The method presented here is based on a different approach. This method applies a seminumerical technique, which will converge to the correct WI under the restrictions made. As in Peaceman's 2D solution, the medium has to be homogeneous, but anisotropy is allowed. Because we do not compute an analytic expression for the well index, we allow nonuniform grids. We do not discuss inhomogeneous media, and in a real case, one has to assume that the medium has the permeability of the block for which the well index is to be calculated. This is exactly as when Peaceman's 2D solution or its 3D weighting extensions4-6 are applied in present simulators.
This paper is organized as follows. In the next section, the seminumerical WI is presented, including a derivation of the analytical solution for slanted wells in 3D. In the section after that, properties of the WI are discussed, including a discussion of convergence properties. Next, some numerical examples are demonstrated. In the last section, a conclusion is given.
Seminumerical Well Index
The problem of finding the WI is one of finding a relation between the well pressure, the well rate and the discrete pressure value from a numerical simulation for the entire gridblock. A typical well radius is about 10 cm, while one numerical pressure value for a gridblock typically represents a volume of 100×100×1 m3. The well represents a sink (or source) for the pressure distribution. This means that in the wellblock there will be a huge variation in the real pressure. An illustration is given in Fig. 1. Some gridblocks away from the well, the variation in the pressure is small, and the numerical pressure for the gridblock is close to any value of the real pressure in the gridblock.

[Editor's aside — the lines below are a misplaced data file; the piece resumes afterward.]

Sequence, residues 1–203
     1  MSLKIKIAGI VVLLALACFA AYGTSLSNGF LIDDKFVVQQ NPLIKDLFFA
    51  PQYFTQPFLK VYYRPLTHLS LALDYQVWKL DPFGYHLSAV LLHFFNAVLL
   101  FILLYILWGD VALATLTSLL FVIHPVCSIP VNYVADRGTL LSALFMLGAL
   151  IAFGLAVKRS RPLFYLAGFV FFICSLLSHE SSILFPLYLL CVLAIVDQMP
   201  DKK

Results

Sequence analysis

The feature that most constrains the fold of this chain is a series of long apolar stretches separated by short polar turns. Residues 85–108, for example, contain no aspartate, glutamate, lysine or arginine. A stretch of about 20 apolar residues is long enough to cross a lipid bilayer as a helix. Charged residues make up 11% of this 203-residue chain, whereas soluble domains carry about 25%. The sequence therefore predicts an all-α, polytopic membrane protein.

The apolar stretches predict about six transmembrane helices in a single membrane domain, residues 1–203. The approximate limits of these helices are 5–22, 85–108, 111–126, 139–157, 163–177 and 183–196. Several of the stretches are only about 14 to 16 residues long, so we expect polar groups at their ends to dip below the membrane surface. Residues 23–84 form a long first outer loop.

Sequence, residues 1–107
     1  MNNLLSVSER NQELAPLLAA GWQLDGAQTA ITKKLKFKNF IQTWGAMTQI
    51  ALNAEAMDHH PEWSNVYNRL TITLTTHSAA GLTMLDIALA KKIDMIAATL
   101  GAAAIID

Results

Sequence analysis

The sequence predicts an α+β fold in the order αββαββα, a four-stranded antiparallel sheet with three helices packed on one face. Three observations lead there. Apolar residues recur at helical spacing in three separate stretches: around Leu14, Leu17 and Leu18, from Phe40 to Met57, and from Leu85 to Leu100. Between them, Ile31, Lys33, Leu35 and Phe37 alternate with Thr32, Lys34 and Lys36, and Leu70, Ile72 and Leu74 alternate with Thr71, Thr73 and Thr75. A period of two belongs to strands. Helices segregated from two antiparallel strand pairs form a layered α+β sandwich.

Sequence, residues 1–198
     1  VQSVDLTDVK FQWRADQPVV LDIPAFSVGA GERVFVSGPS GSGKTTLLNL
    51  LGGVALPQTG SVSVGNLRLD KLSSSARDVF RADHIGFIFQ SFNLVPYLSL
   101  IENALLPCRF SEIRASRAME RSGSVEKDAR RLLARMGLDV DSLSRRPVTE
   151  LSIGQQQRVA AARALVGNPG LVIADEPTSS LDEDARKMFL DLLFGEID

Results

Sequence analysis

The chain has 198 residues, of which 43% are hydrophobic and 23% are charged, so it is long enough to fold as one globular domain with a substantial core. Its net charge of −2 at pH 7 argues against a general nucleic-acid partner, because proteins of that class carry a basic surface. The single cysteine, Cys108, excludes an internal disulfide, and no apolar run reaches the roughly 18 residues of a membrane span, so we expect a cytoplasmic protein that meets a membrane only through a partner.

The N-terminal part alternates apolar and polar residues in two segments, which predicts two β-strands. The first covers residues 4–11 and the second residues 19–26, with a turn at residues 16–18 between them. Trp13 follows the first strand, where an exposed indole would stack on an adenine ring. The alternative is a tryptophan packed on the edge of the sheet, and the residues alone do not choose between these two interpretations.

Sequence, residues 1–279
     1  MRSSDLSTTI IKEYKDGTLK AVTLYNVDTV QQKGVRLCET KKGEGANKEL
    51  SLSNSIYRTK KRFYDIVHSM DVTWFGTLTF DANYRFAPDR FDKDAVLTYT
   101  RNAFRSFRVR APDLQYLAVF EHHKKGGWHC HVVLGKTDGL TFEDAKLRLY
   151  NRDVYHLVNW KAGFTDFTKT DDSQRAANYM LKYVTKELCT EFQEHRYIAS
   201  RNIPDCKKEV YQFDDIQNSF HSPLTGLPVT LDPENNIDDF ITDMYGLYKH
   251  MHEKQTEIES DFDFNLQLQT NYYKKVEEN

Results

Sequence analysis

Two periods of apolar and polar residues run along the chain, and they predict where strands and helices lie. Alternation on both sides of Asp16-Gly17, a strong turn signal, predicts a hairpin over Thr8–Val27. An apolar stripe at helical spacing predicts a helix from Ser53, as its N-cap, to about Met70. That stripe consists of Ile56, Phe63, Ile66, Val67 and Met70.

The idea is first to solve the pressure equation analytically with a linear, infinite well in an infinite reservoir, and then to solve the same problem numerically. The difference between these two solutions is zero at infinity and gives Pi-Pwf in the actual wellblock. Far away from the well, the analytical solution is almost equal to the numerical solution. At this distance, the boundary of the numerical problem is defined. We solve the pressure equation discretely as a Dirichlet problem, with the boundary condition derived from the analytical solution. This represents a presimulation, resulting in the well index for each wellblock.